Paige Salisbury is listed as a point guard on the Brunswick girls basketball team’s roster.
In reality, there is no way to describe the many roles she plays for the Blue Devils.
The 5-foot-8 junior leads the team in scoring (13.0), rebounding (6.7), assists (3.5), steals (3.20), blocked shots (2.0) and field goal percentage (.447).
The only categories Salisbury doesn’t top the squad in are free throw percentage (.667) and 3-point percentage (.297) — and she ranks second in both of them.
“Special basketball players like Paige don’t come around too often,” Brunswick coach Halle Lengal said. “When a freshman can step in and start at point guard like she did, it tells you what kind of talent she has.
“But the most special quality about Paige is her work ethic. People see it during games, but the time she puts in during the offseason is even more impressive. That’s why she has become the player she is.”
Though Salisbury is responsible for running the offense — and does it very well — her play at the other end of the court has become her calling card.
The floor general has five games of at least three blocked shots this season, while her career high of six rejections occurred during Brunswick’s upset of then-undefeated St. Joseph on Jan. 16, 2013.
When Salisbury is in pursuit anywhere inside the arc, there is a pretty good chance her foe will be eating leather if she decides to shoot.
“I just try and be as strong down low as I can,” she said. “Whether that’s not biting on the fake and blocking shots or rebounding in traffic, I like coming away with the ball.”
While the majority of Salisbury’s blocks occur during one-on-one isolations, her thefts can happen anywhere or anytime on the court. She jumps passing lanes, picks pockets during dribble-drives and rips the ball away while double-teaming in the paint.
Salisbury will carry a streak of 10 straight multiple-steal games into the Blue Devils’ home contest tonight against Medina.
“Paige always listens to what her coaches have to say and adjusts her game to get the job done,” Lengal said. “Defensively, she finds a way to make a lot of great things happen, and she does it while encouraging her teammates and communicating on every possession.”
That carries over on offense, as well, where Salisbury’s intensity is becoming legendary.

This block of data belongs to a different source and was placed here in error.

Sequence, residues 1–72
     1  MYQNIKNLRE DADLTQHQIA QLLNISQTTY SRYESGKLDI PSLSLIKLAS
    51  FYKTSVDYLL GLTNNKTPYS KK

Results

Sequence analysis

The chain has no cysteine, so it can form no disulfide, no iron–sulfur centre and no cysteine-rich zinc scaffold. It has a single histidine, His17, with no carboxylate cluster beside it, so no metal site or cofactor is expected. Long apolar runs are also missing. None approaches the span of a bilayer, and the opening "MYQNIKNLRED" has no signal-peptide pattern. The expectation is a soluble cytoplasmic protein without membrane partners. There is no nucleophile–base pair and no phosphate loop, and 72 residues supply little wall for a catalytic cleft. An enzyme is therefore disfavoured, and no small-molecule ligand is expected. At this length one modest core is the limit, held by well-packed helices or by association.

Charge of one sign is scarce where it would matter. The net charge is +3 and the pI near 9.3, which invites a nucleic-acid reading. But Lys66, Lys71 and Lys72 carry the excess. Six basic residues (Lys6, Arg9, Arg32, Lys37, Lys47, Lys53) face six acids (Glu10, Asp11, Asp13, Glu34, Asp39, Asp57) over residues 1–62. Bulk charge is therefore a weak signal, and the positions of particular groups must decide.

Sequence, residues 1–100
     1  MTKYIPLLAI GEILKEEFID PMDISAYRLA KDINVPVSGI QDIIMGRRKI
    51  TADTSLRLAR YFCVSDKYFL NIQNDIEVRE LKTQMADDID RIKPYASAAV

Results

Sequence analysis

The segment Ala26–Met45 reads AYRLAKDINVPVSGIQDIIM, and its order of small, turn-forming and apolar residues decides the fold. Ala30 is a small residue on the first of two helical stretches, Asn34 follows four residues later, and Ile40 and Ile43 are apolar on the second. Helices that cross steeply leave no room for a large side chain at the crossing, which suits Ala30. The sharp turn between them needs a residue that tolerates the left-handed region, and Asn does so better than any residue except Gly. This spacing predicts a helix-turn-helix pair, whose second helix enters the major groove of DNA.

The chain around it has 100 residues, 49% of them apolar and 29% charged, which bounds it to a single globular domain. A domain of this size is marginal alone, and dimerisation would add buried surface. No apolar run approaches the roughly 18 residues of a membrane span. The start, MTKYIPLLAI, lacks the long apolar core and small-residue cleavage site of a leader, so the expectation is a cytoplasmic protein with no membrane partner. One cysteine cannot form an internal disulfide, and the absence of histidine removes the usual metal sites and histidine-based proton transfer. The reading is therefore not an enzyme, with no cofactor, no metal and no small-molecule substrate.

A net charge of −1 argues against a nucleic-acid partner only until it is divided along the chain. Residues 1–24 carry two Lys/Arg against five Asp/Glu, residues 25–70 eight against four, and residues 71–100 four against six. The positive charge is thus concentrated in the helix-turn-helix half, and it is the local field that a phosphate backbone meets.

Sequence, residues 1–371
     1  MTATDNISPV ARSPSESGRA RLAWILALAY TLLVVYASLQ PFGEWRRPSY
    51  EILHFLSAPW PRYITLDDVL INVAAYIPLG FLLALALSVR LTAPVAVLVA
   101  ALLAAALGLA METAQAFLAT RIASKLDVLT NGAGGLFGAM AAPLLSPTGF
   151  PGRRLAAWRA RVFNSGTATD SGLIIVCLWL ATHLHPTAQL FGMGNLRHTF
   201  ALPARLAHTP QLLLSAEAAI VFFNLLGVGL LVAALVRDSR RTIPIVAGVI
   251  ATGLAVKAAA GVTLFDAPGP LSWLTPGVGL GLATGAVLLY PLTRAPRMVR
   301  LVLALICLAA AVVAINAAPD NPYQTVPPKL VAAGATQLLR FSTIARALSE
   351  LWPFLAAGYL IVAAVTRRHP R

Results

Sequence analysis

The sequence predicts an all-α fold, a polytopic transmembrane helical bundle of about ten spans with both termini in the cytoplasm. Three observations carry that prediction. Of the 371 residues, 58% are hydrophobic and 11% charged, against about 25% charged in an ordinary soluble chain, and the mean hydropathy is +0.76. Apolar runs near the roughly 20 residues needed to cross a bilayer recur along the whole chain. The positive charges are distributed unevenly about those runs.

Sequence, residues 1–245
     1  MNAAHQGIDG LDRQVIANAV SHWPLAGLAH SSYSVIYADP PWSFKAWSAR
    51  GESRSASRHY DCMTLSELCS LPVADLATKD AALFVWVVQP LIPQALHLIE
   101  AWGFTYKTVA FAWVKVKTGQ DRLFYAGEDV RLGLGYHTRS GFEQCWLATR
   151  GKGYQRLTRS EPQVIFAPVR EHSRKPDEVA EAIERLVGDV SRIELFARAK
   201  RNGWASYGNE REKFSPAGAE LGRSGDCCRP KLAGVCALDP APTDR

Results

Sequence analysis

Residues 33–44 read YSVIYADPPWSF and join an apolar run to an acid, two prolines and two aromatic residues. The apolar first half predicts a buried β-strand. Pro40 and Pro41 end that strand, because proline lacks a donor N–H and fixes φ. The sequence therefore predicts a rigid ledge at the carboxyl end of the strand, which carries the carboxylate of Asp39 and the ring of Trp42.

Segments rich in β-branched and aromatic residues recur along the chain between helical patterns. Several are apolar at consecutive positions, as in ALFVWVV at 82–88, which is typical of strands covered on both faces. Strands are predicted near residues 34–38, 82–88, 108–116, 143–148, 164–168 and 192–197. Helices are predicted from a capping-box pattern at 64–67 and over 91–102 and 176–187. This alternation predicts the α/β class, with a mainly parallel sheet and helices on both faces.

Brunswick sophomore small forward Farrah Benner points out that “off the court, Paige is a total goofball, but she’s a little bit scary sometimes when we’re playing.”
Salisbury chuckled when told of Benner’s viewpoint, but didn’t deny it.
She credits her father Scott for instilling toughness in her during her youth basketball days, along with Stockman Basketball Club coach Kenneth Coleman for encouraging her to go strong the basket, regardless of the consequences or potential pain.
“I like to draw fouls a lot because you’re defeating the defense,” said Salisbury, who already ranks among the Blue Devils’ top 10 in career assists and blocked shots. “Even when your shots aren’t falling from outside, you can get to the line and help your team by scoring there.”
Salisbury’s go-to move is taking a long stride down the lane, then powering up a layup over the converging post players. She also is capable of pulling up and knocking down jumpers, making her very challenging to stop.
During Brunswick’s recent five-game winning streak, the third-year starter nicely illustrated that point by shooting .558 from the field, .357 on 3-pointers and .720 from the line while averaging 14.2 points.
Salisbury also remains on pace to become the second player in school history to amass 250 points, 150 rebounds, and 75 assists in a season. Carol Claridge accomplished the feat in 1981-82 and 1982-83, when the sport was played at a much more ragged pace.
“All of that is fine, but winning is the only thing that really matters to me,” Salisbury said. “It’s the best feeling in the world, getting the ‘W’ with your teammates. And when you don’t do that, it just makes you work harder because you want to experience it again and again.”
Contact Brian Dulik at firstname.lastname@example.org.